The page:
Tuesday, 30 June 2015

Some interesting links

1. "The territories along the world’s craziest border include the pièce de résistance of strange geography: the world’s only “counter-counter-enclave”: a patch of India surrounded by Bangladeshi territory, inside an Indian enclave within Bangladesh."

2. Stowaways on planes should all die. But they don't.

3. The paintings of the Australian artist Grace Cossington Smith.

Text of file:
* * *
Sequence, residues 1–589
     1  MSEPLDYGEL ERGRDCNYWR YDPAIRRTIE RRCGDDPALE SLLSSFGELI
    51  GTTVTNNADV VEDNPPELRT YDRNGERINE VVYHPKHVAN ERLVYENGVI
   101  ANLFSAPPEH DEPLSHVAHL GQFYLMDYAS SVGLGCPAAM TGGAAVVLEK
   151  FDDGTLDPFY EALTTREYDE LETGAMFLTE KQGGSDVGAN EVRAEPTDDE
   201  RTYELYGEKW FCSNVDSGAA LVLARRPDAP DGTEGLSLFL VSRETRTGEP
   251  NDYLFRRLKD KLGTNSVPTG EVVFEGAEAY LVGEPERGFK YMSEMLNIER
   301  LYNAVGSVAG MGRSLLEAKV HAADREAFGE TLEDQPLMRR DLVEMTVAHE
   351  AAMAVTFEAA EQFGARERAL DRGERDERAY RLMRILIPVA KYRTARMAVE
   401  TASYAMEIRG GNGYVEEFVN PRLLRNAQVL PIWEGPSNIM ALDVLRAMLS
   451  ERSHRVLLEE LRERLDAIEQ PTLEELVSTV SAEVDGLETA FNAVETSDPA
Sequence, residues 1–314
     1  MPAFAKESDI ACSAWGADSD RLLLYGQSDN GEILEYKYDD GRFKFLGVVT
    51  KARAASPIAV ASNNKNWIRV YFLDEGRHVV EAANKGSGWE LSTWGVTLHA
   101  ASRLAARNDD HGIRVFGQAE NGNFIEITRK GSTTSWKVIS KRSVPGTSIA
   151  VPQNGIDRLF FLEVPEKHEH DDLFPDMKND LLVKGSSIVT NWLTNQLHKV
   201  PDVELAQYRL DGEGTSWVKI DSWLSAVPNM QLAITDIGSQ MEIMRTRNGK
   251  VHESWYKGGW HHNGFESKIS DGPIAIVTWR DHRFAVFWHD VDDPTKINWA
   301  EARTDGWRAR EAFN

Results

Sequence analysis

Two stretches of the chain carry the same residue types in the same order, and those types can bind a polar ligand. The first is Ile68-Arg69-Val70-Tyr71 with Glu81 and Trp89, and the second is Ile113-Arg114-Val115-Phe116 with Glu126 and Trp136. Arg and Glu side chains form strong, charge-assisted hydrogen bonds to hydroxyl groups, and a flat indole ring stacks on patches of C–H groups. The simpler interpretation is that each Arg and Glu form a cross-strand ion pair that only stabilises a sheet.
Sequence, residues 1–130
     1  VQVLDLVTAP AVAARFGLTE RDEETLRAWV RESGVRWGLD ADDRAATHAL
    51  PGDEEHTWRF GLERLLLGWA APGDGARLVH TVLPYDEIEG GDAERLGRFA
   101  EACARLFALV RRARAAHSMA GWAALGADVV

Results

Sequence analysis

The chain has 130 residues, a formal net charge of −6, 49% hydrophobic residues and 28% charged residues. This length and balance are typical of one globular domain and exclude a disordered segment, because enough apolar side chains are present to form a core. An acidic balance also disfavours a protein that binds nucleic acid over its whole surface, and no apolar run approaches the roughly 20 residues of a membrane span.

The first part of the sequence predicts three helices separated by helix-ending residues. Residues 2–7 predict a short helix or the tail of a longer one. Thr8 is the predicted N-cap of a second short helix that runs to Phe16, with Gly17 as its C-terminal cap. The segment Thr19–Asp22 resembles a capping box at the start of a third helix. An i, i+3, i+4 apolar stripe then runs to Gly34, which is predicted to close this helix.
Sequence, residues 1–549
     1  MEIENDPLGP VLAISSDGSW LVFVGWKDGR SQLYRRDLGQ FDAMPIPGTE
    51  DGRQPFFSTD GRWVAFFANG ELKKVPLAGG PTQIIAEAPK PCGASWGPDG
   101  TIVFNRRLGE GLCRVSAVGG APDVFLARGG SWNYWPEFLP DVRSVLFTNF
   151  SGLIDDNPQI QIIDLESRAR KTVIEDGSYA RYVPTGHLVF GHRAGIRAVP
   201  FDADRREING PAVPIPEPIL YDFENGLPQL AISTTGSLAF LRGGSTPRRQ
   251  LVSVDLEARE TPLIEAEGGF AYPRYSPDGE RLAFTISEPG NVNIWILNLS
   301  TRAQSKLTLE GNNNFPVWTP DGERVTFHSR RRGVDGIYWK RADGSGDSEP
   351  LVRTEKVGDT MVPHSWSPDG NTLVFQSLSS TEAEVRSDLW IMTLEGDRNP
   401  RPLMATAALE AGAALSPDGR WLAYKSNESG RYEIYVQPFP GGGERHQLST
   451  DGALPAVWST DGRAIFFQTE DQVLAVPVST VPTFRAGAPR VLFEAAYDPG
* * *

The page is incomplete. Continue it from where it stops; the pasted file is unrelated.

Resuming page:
4. "Macnee’s mother took refuge in a circle of friends that included Tallulah Bankhead and the madam Mrs Meyrick, before absconding with a wealthy lesbian, Evelyn. Young Patrick was brought up by the pair and was instructed to call Evelyn “Uncle”. He managed to resist their efforts to dress him as a girl, wearing a kilt as a compromise. His father fled to India, from where he was later expelled for urinating off a balcony on to the heads of the Raj’s elite, gathered below for a race-meeting. Evelyn financed Macnee’s education, at Summer Fields — where he first acted, playing opposite Christopher Lee — and then Eton. His corruption began when he was introduced to whisky by the Roman Catholic Archbishop of Cardiff, who had escaped into the garden with a bottle when brought in to consecrate Evelyn’s private chapel. Macnee was then expelled from Eton for running a pornography and bookmaking empire." That's what people read Telegraph obituaries for.